When I was at University, my part time job took me to the parish of St. Elizabeth quite often & I somehow fell in love with the parish.
My first trip to the Black River Safari was actually when I was 12 years old. I went on a class trip & I vaguely remember the tour but I remember having an amazing time.
Fast Forward to 2 decades & many St. E runs later and I was finally able to revisit this unique piece of Jamaica.
Our journey started around 5:30 AM. It was smooth sailing all the way to Clarendon thanks to Highway 2000. When we got to Clarendon Park we made the customary Juici Patties stop for breakfast before heading back on the road. I have to shout out Juici Patties for placing that branch at the ideal location.
Before the safari, I had to attend a Rotary breakfast meeting so we had to seek out the Spring Gardens Hotel.
Except for one wrong turn Google Maps was pretty reliable in helping us locate Crane Road & the hotel, We got there in time for 8:45 AM. Not much to report about Spring Garden Hotel because I only visited the bar/dining area which has a gorgeous view of the sea.
By 11:30 AM, the meeting was through & we headed to the J.Charles Swaby Black River Safari which was literally next door the hotel.
I did the tour with my mom, my friend Kareem & some fellow Rotarians (including our District Governor Elect Dr. Legere from Haiti).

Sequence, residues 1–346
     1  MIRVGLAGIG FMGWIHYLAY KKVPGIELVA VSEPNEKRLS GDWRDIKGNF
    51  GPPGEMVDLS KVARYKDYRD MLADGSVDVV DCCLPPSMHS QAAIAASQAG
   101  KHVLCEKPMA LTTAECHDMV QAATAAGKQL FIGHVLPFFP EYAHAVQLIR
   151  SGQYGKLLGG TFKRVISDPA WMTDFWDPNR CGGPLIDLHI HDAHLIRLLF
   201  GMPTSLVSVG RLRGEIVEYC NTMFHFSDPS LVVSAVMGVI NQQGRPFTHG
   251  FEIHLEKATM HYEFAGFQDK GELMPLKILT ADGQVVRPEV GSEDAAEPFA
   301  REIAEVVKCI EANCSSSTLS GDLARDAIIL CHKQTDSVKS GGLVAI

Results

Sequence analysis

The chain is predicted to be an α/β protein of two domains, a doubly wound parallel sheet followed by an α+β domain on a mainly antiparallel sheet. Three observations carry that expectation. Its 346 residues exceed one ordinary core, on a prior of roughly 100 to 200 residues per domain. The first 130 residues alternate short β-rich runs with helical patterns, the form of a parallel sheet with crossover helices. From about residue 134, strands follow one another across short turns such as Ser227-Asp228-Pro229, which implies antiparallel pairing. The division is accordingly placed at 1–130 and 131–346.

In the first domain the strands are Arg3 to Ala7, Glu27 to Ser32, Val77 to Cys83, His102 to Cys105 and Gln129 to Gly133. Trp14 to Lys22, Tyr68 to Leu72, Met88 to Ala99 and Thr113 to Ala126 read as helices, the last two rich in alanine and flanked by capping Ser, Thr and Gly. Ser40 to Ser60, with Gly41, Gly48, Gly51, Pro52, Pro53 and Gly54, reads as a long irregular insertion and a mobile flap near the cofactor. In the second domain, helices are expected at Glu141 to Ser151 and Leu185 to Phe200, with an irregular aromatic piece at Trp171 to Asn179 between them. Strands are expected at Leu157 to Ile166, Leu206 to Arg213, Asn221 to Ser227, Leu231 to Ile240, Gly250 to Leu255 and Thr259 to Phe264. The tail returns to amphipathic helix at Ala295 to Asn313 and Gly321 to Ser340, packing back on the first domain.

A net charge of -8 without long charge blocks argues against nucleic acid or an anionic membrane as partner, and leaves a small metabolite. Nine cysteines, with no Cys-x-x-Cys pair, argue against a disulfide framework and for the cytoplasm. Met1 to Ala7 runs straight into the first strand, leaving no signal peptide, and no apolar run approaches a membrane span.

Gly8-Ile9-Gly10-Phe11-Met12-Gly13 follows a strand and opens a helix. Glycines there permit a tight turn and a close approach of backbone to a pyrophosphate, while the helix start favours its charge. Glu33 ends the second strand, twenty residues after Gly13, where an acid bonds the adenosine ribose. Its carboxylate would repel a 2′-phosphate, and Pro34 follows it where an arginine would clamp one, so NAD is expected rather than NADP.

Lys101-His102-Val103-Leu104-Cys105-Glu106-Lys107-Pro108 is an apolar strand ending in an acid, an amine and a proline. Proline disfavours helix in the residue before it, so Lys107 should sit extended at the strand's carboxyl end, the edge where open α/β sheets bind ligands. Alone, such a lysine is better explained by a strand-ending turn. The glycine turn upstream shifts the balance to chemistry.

We paid $900 for the tour but according to the receptionist the usual cost is $1000 per person & each tour usually consists of 25 persons to get that price.
The Black River is the longest navigable river in Jamaica (53.4 km or 33.2 miles). According to our Captain Terrence, the tour we were about to embark on was 5 miles up the river & we were going to see a diverse array of flora, fauna, birds & crocodiles.
He also mentioned that the source of the river is found in the Cockpit country in Trelawny.
The Black River was for years believed to be the longest river in Jamaica until recent research reveals that this position is held by the Rio Minho [Clarendon]. It was originally called Rio Caobana (Mahogany River) by the Spaniards.
As we sailed upstream, Terrence shared information about the different flora, fauna & creatures we were encountering.
There were plenty of crocodiles to see!
Some were more than “friendly” & swam towards our boat & others just wanted to sun themselves in peace.
We learned from Capt. Terrence that crocodiles are very territorial & like to be left alone. If another crocodile dares enter another’s territory it is literally a fight to the death.
The river gets its name Black River from the peat present on the river’s floor.
As we sailed upstream the change in the water’s colour was evident.
The Black River was once very integral to the wealth of the town because it served as the main transportation hub for sugar, logwood, rum & other exports.
It was amazing to learn about the Black River & it’s rich history and ecology. I learned so much from that 1 hour tour that I felt like I underpaid the receptionist.
After the tour, we headed to the Crocodile Nursery to visit some of the rescued crocodiles & turtles.
If you want to experience this amazing tour check out J. Charles Swaby’s Black River Safari’s Facebook page here. Make sure you roll with a crew that is full of vibes.
You won’t regret it!